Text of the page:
If you need to eat meat, on occasion for health reasons - you can say a prayer of sincere thank you to the animal. You can recite the prayer and blow on the meat before consumption. It will purify the meat and it will bring the benefit of love to the being. One will not commit heavy negative karma of eating the meat -- rather one will bring great benefit to the being the meat belongs to. Geshe Tenzin Zopa. Om Ah Bira Khe Chara Hum (seven times)

By anon45057 — On Sep 13, 2009

His Holiness Dalai Lama quote: “Killing and eating meat are interrelated, so do we have to give up eating animal products? I myself once tried to give it up, but health problems arose and two years later my doctors advised me to again use meat in my diet. If there are people who can give up eating meat, we can only rejoice in their noble efforts. In any case, at least we should try to lessen our intake of meat and not eat it anywhere where it is in scarce supply and our consumption of it would cause added slaughter.” After His Holiness was hospitalized and in critical condition, his doctors told him he had to stop his intense traveling/teaching schedule, or eat meat on occasion. As a nutritionist, I understand this. His Holiness did eat meat on alternating months for a period of time. At many teachings, he advises, if you can, please don’t eat meat. His Holiness travels and teaches to benefit others, and would rather be criticized for eating meat than not teach. When he receives an offering for teaching, he always gives it away to charity. This may be above many people’s heads, but when someone like His Holiness eats meat, and prays for the animal’s spirit, that is a blessing for the animal’s spirit. If I were an animal, already slaughtered and ready for sale, I would rather nourish His Holiness’s health than some unaware person that would never consider saying a prayer. This may also be above people’s heads, but His Holiness is a holy being, and his presence anywhere purifies and blesses the area. As for the religious discrimination comment. Please get the facts before you decide. The DS practitioners are not allowed to attend the Dalai Lama's empowerments. They are free to attend the Dalai Lama's teachings and can do whatever they choose, except attend empowerments with His Holiness. You need to understand the energy connection that is created when someone receives a tantric empowerment from a buddhist teacher. As for the person who said His Holiness doesn't know the philosophy of buddhism - there are many free teachings of the Dalai Lama available on the net. Try listening before you decide. Om Mani Padme Hum. Peace.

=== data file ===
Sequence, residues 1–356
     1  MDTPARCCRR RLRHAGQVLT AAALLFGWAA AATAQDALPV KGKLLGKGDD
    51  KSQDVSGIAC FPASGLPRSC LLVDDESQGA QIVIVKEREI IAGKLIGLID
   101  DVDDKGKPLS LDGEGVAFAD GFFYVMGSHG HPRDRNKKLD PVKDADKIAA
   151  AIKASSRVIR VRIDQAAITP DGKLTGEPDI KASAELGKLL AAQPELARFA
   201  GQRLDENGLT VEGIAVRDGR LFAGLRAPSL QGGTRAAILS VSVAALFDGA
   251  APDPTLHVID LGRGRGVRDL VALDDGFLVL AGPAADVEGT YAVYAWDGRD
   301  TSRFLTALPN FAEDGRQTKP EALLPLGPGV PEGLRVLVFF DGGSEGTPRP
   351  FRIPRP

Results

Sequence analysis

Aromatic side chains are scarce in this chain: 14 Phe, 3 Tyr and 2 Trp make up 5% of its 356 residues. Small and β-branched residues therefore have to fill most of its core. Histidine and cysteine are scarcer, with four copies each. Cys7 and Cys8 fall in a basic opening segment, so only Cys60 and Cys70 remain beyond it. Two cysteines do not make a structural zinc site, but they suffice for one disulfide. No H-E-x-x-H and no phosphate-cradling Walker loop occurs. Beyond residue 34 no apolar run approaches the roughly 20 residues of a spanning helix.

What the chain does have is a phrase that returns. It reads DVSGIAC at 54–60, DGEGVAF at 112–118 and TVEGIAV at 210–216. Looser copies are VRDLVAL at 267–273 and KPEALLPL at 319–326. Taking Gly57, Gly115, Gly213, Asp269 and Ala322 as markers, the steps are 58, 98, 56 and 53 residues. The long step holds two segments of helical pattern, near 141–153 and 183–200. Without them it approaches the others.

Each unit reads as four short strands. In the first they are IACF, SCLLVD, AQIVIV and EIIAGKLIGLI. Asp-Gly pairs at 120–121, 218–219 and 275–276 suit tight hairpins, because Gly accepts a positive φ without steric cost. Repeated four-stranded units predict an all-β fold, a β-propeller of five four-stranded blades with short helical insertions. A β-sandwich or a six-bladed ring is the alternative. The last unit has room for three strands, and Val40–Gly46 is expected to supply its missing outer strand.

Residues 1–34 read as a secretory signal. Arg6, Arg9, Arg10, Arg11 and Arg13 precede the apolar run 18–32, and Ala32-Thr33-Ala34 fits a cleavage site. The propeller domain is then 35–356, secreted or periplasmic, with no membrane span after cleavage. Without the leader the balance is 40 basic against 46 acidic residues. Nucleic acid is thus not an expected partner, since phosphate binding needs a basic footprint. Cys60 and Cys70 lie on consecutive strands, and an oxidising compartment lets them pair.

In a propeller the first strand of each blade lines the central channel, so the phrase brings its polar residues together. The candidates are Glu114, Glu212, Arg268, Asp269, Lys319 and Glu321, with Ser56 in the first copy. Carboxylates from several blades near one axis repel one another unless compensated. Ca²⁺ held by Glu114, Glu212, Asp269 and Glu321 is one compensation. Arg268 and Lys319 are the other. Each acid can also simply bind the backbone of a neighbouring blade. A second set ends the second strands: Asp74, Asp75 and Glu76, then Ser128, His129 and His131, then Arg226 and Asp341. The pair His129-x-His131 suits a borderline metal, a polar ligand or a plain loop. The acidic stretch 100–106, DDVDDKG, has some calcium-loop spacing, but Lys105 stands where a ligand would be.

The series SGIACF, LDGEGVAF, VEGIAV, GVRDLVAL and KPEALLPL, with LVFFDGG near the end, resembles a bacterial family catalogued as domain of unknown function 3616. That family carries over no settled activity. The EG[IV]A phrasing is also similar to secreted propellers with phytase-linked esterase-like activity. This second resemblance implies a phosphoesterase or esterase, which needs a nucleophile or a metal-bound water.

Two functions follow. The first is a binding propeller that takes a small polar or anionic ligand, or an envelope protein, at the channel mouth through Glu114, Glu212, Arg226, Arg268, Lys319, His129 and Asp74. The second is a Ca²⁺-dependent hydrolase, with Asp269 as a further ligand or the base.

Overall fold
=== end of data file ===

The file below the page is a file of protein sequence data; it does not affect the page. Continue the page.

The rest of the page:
By anon44710 — On Sep 10, 2009

i think the dalai lama actually doesn't know the philosophy of buddhist religion. this religion says not to kill, that human desires and wants are the source of sorrow. to have a desire for meat and to eat others for fulfilling petty wants shows his double standard.

By anon30212 — On Apr 15, 2009

Dalai Lama once stopped eating meat for three months. He felt sick and became very weak. With huge responsibilities he has, his doctor urged him to take meat. Hope this helps someone.

By anon27892 — On Mar 07, 2009

The Buddha himself ate meat, but said that it should not be killed by or specifically for himself. For instance, if someone had killed a chicken for their family meal, and offered him some he would eat it. Buddhists are forbidden to kill or cause death to other creatures....not forbidden to eat meat. You have to read the actual original sutras of the Shakyamuni himself to get the real scoop! Of course, if you buy your meat at the supermarket it has, in essence, been killed for you, so it would be forbidden to buy meat as well. I guess you could eat road kill if you wanted to!

By anon24338 — On Jan 11, 2009

i personally don't know they guy but he doesn't sound as buddhist as he makes out to be, but that's just my opinion

By anon17729 — On Sep 05, 2008

The Dalai Lama is currently persecuting some Buddhist for their religious beliefs. He has ban the worship of the Buddhist Deity Dorje Shugden. Many Shugden practitioners are now experiencing extreme religious discrimination as a result of the Dalai Lama's ban.

By vinayk25 — On May 15, 2008

As a buddhist, how come the Dalai Lama eats meat?

By anon3270 — On Aug 20, 2007

I guess many Americans have searched for something other than familiarity, but the Dalai Lama's position of wisdom amazes me. It's like talking to someone with all the answers, but realizing he is still just a man like myself. i think the Buddhist philosophy is misunderstood.